5. I’m surprised that the Jewschool site is pandering to this movement, given its tagline of “progressive Jews and views.” There is nothing “modern” or “progressive” about trying to convince Jews to follow another religion (it’s been going on since the time of Abraham), and Christianity is one of the oldest and most mainstream movements around. I doubt readers of this site would see eye-to-eye with evangelical Christians on most issues.
    I will say that you have done a good job here of explaining the breadth of the evangelical movement to convert Jews – it’s not all “Jews for Jesus,” this is just one organization among many. However, I do not respect your strategy of quietly infiltrating the mainstream Jewish community in order to “witness” to Jews (either openly or through the “good example” of your Christian lives).
    The evangelical Hebrew Christian movement holds up the token born-Jews and Jewish descendents (some patrilineal) among its ranks as proof that they are succeeding in winning Jewish souls for Jesus. Thanks to this propaganda, most Jews believe that – like you – most “Hebrew Christians” are of Jewish descent, but this is absolutely not the case.
    Most are born Christian and are seeking a Christian movement that they feel offers greater authenticity and depth. Hebrew scriptures and Jewish touches like Shabbat candles may offer this, but this will never make these followers actually part of a Jewish community (even if they join the local JCC).

    1. You are correct at least about Philadelphia. The founder of the Jews for Jesus movement in Philly, now deceased, was a Christian who changed his name to have a Jewish sounding name in order to start a Jews for Jesus movement. His son now runs the group.

  6. I have a sincere question, and its one I have wanted to ask the Jewish community for decades. First, let me give my own background: I was raised in an Orthodox (frum) home in the 1950s, and because my mother (obm) was a convert to Orthodox Judaism in the 1940s, I had an Italian Catholic grandmother who told me much of the glories of her Faith. I ended up feeling very drawn to Traditional Catholicism (the pre-Vatican II kind, which yes, still exists!) and converted after I became a legal adult (for fear my parents might prevent me otherwise.)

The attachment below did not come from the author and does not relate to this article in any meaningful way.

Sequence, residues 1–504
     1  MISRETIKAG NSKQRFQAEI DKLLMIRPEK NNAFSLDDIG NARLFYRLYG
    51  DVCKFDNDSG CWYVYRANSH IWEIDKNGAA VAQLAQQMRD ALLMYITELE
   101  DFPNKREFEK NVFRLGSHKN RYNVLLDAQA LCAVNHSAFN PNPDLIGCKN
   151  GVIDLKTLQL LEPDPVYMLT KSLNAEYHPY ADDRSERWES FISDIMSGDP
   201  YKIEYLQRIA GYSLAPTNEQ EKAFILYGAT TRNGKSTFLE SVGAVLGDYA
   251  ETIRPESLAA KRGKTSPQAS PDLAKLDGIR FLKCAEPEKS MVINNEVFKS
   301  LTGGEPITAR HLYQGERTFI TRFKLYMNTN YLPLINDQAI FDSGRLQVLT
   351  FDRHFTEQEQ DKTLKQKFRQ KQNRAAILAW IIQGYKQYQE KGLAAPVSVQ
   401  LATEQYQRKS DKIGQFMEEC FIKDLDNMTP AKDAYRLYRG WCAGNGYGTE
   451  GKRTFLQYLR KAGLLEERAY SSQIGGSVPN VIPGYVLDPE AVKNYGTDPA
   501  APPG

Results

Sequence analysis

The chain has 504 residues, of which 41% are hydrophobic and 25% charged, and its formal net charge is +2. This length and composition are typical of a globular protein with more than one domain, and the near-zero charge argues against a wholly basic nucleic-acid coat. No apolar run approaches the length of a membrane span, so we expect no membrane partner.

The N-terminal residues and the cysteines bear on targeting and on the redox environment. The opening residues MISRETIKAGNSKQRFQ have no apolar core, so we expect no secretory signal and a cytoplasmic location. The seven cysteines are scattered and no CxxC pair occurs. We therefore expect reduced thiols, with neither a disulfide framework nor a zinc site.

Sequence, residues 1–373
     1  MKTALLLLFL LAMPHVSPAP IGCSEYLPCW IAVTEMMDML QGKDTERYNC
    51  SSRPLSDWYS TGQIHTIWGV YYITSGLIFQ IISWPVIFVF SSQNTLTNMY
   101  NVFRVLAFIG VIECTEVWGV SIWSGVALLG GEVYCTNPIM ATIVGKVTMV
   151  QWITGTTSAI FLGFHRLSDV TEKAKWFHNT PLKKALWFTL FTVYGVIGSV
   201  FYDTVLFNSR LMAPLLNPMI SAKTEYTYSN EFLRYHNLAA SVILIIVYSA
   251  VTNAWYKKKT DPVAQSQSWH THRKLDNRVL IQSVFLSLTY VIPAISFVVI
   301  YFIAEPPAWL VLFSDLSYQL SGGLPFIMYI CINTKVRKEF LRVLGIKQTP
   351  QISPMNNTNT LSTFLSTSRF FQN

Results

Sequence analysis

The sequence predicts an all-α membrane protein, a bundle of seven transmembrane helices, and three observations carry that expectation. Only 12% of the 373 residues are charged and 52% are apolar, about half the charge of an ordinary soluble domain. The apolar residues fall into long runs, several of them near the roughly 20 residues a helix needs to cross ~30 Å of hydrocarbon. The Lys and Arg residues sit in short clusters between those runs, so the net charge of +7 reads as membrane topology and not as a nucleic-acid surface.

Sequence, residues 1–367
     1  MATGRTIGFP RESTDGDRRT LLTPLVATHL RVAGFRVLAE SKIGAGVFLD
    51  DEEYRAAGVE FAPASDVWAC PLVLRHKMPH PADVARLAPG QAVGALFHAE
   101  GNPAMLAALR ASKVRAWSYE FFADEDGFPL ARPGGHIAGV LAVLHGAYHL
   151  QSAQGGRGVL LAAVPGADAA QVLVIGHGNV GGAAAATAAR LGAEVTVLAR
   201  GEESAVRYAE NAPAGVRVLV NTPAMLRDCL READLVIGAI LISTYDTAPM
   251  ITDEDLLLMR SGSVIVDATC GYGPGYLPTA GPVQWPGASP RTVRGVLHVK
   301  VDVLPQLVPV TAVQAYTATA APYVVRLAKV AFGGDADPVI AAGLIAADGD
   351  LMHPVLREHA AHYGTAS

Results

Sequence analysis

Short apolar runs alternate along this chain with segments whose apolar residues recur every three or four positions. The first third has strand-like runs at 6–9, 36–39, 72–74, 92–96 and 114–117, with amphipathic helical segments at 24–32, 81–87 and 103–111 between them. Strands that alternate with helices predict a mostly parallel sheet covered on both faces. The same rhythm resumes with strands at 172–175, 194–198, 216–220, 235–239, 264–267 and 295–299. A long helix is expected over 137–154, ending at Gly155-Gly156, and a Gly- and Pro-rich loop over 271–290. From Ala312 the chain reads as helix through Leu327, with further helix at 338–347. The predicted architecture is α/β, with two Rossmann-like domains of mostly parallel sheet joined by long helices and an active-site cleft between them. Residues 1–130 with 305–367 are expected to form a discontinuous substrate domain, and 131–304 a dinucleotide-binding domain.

Here is my question: as a child and teen, Judaism was not a religion I found spiritually fulfilling. It seemed to revolve around saying kaddish, lighting yahrzeit candles, going to funerals I tried to make it fulfilling, at times I tried to force it to be so. I studied Torah, Tanakh, even Talmud. I even dabbled in kabbalah (genuinely Chasidic, not pop culture) in a desperate effort to find a deeply spiritual form of Judaism. I was always a very spiritually driven child, and used to wish that we Jews had nuns because if we did, I wanted to run away and become one! Movies like The Nun’s Story really made an impression on me. Judaism always felt to me like a materialistic religion for the here and now, and I felt drawn to spiritual matters and the olam ha’ba.
    So, why would you condemn a Jew who in seeking for what fulfills them, may join Christianity? I have sat in many shuls, in the balcony, looking down, seeing the Aron, trying to make myself feel SOMEthing akin to what I feel when I enter a truly traditional Catholic chapel and kneel before the Blessed Sacrament, and it just never happened. I feel the true Presence of God in a traditional chapel or church. It makes me feel comforted, in touch with God. Why would you want to deprive me or another Jew of what helps us?